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  10. I only have my wanderlust wednesday photo as a regular post. Being that I mostly document my travels I doubt a schedule would work for me. I had a longer than intended gap recently due to vehicle trouble, but was able to make a post about it so that was something. Participating in the weeky photo challenge is something I aim to do every week as I always get good feedback.

    I like to be different – a healthy blog is like a heathly colon; it introduces an explanation.

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  11. I’ve been posting everyday, but I’m thinking about slowing it down to 3 or 4 times a week. I’ve only been blogging since October, and I probably won’t always have the youthful enthusiasm I do now, to keep nattering away incessantly ;) I should probably create a more reasonable schedule, so that when the newness of blogging fades, it doesn’t seem overwhelming to continue to keep up with. It’s also helped that I’ve been going through a prolific poem-ing phase, so I have work to post almost everyday. Come March, I start working on my novel, and that’ll go out the window…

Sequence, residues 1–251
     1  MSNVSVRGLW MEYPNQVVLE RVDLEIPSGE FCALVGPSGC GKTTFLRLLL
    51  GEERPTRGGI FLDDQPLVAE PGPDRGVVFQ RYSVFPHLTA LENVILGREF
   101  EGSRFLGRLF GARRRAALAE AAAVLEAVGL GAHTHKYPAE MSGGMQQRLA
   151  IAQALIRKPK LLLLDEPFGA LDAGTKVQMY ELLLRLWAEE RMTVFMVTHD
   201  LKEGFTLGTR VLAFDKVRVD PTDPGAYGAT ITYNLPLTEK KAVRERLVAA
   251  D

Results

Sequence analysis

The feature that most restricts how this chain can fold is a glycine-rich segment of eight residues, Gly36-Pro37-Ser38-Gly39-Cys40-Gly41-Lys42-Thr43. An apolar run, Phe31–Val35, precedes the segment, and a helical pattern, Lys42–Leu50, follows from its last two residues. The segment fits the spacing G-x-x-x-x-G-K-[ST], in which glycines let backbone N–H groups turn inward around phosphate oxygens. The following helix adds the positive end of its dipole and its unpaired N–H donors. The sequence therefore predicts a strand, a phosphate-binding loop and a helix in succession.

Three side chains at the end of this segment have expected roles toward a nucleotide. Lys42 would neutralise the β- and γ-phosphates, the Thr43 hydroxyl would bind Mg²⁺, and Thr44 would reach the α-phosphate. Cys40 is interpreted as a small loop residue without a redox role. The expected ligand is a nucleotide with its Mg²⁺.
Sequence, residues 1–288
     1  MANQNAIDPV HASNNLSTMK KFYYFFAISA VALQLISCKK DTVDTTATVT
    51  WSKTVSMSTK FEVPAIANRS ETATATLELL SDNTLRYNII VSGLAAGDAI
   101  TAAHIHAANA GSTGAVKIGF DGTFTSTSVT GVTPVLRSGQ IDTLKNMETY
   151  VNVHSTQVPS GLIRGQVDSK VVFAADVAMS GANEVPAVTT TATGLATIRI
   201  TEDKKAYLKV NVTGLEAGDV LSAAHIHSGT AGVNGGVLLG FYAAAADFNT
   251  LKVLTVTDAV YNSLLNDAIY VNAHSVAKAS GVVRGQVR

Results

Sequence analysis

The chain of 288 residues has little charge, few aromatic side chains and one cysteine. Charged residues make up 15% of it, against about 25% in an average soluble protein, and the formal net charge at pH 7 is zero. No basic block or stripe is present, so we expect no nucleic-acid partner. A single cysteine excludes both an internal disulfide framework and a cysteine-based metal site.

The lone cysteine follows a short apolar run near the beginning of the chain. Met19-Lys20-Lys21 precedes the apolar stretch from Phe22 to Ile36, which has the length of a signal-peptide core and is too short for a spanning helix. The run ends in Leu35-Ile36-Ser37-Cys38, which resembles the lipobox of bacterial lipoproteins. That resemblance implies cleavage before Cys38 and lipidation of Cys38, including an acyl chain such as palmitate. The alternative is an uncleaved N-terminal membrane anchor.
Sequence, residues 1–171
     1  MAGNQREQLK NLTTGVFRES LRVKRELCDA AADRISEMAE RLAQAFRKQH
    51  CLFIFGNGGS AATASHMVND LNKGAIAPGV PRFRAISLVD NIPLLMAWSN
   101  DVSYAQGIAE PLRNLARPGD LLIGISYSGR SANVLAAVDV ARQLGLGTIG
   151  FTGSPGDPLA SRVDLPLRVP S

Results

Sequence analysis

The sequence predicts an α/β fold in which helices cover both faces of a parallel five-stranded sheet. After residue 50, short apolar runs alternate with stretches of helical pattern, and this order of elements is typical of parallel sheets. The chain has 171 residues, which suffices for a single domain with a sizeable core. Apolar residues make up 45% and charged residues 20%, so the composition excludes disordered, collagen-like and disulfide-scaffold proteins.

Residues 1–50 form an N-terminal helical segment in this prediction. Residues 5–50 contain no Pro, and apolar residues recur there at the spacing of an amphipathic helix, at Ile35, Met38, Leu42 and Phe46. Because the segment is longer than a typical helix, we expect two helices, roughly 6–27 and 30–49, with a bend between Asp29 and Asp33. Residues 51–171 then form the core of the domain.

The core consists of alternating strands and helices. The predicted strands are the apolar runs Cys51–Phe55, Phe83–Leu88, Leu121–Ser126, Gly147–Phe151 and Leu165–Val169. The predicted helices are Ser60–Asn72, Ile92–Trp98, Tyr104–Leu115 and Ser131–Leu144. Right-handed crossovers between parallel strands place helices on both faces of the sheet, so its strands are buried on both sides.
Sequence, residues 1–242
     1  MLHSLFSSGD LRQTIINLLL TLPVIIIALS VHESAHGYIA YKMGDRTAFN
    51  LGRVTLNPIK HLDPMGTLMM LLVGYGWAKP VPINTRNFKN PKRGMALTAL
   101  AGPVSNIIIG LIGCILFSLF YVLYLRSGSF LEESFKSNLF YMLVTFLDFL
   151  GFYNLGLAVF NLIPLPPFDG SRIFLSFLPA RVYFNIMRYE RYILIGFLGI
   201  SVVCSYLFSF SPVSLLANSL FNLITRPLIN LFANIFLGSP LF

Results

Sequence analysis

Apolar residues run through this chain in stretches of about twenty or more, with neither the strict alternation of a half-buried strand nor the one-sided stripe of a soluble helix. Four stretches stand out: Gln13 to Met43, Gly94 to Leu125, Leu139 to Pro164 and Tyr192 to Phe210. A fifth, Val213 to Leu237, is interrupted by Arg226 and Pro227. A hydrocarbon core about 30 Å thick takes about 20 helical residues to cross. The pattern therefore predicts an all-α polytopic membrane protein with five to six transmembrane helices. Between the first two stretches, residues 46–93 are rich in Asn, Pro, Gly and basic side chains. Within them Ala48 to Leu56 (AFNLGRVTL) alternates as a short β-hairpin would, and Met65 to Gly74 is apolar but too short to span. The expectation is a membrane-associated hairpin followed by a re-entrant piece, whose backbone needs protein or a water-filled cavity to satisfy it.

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  12. All good points. After three years a of blogging, I have pared down to about 5-6 per month, but try to keep a regular post coming on about the same day every week.

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  13. I did the 365 consecutive days of blogging my first year (woo-hoo!) but now I am on the five-day plan because I reached that crazy goal. I stick to regularity in my style and at first I thought it was predictable, but then I realized it was good to know what to expect. Humor whether it be with the daily prompts, weekly photo challenges or life in general. There’s always two humor stories, one kid story and two photo posts. But I tend to stick with humor. And you’re right, I visited a couple of blogs that I had followed and they threw me for a loop when their posts didn’t match the previous more engaging posts so I trailed off.

    http://thewishfactor.wordpress.com
    :)

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  14. I try to put up at least one new piece every week, usually on the weekend. So even if I come up with something earlier in the week, I prefer to control the temptation to put it up immediately and only upload it when it’s expected- no point posting 3 days in a row and them not having anything to put up for 10 days. So far this kind of a schedule has been working well for me. Hopefully, I can say the same a couple of months from now!